You Have Been Watching…The Last Great Wilderness

I looked recently at writer and director David Mackenzie with reference to his adaptation of Alexander Trocchi’s Young Adam (see You Have Been Watching…Young Adam). The Last Great Wilderness, his 2002 film that has his brother Alastair Mackenzie in the lead role, is where it all started for him in terms of feature length films. With hindsight all the Mackenzie trates are in evidence, but even without hindsight it is an assured and fascinating début, one which should be revisited and reassessed in the light of David Mackenzie’s subsequent success.
It has the feel of the type of film Film Four used to make in the 80s and early 90s, where risks were taken and weirdness embraced. Two men meet in a service station and go on a road trip to Scotland that is ostensibly about revenge for one, and escape for the other. They wind up at The Moor Lodge Wilderness Retreat, an old hotel in the middle of the Highlands,  and that is where the story really begins. The film has echoes of The Wicker Man, Straw Dogs, and Hotel New Hampshire. The small ensemble cast are all excellent as a group of very different people who are trying to support one another, but events are put into action by the arrival of the two outsiders.
Alistair Mackenzie is perfect leading man material begging the question why he isn’t better known. I last remember him as the lead in Iain Rankin’s Reichenbach Falls, the feature length TV drama from 2007 and in Richard Jobson’s New Town Killers.  To my mind he is a much better actor than Dougray Scott or Gerard Butler to name just two who have gone on to greater success.  Here he is Charlie, a man who is at heart decent but who has almost been destroyed by a failed marriage. His is the least showy role in the film, but it is also the most important as the audience identify with him and his attempts to understand the madness that surrounds him. As his depraved and unhinged sidekick Vincent, Jonny Philips manages to stay just the right side of over the top. His Spanish gigolo act and accent is thankfully soon dropped and he plays the crazy sidekick well. The two make for an odd couple, but when they arrive at The Moor Lodge they quickly come to believe that, against the odds, they may be the most sane people around. 
David Hayman is Ruaridh, the nominal leader of a disparate group of damaged characters who have come to the hotel seeking shelter, sanctuary and in an attempt to heal. Although constantly working since the late 1960s, both on stage and screen, Hayman remains an underrated actor who is able to exude compassion, pain and barely concealed violence in a single look. Also resident are Ford Kiernan’s agoraphobic Eric, John Comerford’s priest Paul who is fighting paedophilic urges, Louise Irwin as the sex addict Morag and Sheila Donald as Ellie, the groups terminally ill matriarch. The other two central characters are Victoria Smurfitt’s Claire, who is hiding from her violent husband, and Ewan Stewart’s Magnus, who lives on his own in the hills and is trying to come to terms with the death of his daughter. Their stories are central to the film.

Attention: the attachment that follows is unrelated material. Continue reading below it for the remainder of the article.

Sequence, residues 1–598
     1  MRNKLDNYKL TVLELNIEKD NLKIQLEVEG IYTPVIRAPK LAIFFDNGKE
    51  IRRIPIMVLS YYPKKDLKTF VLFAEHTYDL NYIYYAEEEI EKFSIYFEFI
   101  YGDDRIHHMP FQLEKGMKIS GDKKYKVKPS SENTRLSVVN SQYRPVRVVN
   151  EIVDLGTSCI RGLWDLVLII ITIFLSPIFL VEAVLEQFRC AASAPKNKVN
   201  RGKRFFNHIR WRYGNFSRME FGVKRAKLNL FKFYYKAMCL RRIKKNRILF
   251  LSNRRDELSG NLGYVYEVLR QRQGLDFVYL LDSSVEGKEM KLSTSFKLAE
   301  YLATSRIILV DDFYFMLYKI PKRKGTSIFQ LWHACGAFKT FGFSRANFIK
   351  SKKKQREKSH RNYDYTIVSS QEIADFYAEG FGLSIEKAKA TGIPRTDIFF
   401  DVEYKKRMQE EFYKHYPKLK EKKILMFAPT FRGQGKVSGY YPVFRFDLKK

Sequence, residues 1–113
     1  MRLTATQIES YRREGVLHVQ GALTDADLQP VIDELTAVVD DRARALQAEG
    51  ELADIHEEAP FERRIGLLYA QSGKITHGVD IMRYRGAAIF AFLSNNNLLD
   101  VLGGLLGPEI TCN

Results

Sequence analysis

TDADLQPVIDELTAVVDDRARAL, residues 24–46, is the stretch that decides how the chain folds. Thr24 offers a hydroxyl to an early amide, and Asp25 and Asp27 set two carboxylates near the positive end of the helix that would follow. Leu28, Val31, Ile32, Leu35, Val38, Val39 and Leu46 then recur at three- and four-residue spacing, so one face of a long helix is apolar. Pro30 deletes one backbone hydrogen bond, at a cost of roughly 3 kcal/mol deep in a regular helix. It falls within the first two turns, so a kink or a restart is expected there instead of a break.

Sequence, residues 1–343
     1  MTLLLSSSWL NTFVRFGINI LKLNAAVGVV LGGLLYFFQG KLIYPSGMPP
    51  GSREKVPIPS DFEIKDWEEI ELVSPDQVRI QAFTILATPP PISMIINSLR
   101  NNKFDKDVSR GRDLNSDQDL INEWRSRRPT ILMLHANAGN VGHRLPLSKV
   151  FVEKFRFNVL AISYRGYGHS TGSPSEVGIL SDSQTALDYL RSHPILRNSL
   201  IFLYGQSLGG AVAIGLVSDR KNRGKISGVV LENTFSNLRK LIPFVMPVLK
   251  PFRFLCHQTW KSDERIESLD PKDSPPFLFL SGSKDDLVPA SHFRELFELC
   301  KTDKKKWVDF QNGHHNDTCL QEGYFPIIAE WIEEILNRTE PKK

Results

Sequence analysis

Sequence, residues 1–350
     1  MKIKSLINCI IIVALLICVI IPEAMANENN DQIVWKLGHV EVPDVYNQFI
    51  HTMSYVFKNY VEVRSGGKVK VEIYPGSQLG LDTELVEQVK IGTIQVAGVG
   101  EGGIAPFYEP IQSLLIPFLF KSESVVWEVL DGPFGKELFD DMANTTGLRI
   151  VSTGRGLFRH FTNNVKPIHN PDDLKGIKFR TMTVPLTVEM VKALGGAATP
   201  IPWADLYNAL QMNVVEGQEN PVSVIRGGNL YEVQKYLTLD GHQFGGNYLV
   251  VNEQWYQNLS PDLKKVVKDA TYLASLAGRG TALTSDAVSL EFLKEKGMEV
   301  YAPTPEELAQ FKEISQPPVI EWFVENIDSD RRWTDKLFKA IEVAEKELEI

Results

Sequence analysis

After initially mistrusting Charlie, Claire finds herself falling for him and he finds that she enables him to move on and put aside all thoughts of revenge. Magnus’s dead daughter appears to Vincent, and he becomes obsessed with her, seeing her at every turn. The longer the two are persuaded to stay at The Moor Lodge it becomes clear that all is not as it seems and that there are terrible secrets to uncover. The cultish group, and the pagan ritual, are what has brought comparison with The Wicker Man, but the comparisons should not be overplayed. The Last Great Wilderness is not a horror movie, and although there is a shocking and violent scene near the end, you are left with hope that things are going to improve for these people.
The soundtrack to the film is provided by The Pastels, and it is one of the best things they have done. There is also a guest appearance from Jarvis Cocker on I Picked A Flower, a song which has a central role in the film. The Pastels also appear as part of a house band which features the great Bill Wells and The Vaseline’s Eugene Kelly. If only they were available for weddings. Here’s a taster:
The Last Great Wilderness is a portent of what was to come. Its low budget is obvious, but Mackenzie turns it into an advantage as the camera work, lighting and small cast all add to the tension and claustrophobic feel that the film has. In a sense it’s a shame that Mackenzie has become so successful so quickly as I would have liked to have seen more films made for almost no money from him, although I doubt that Young Adam or Hallam Foe had huge budgets, and he retains his sense of the odd in both those films. His next releases, both due this year, are the quickly made festival romance You Instead and the end of the world romance Perfect Sense, and they look to maintain this off kilter world view.  Mackenzie is a romantic in the widest sense. What he does better than most is to examine relationships between two or more people, which are usually complex and unusual, and use them to make further points about the world and humanities place in it. You get the feeling that no matter what film David Mackenzie makes he will look to keep that intimacy at the heart of the story. You can take the boy out of the wilderness, but you can’t take the wilderness out of the boy.

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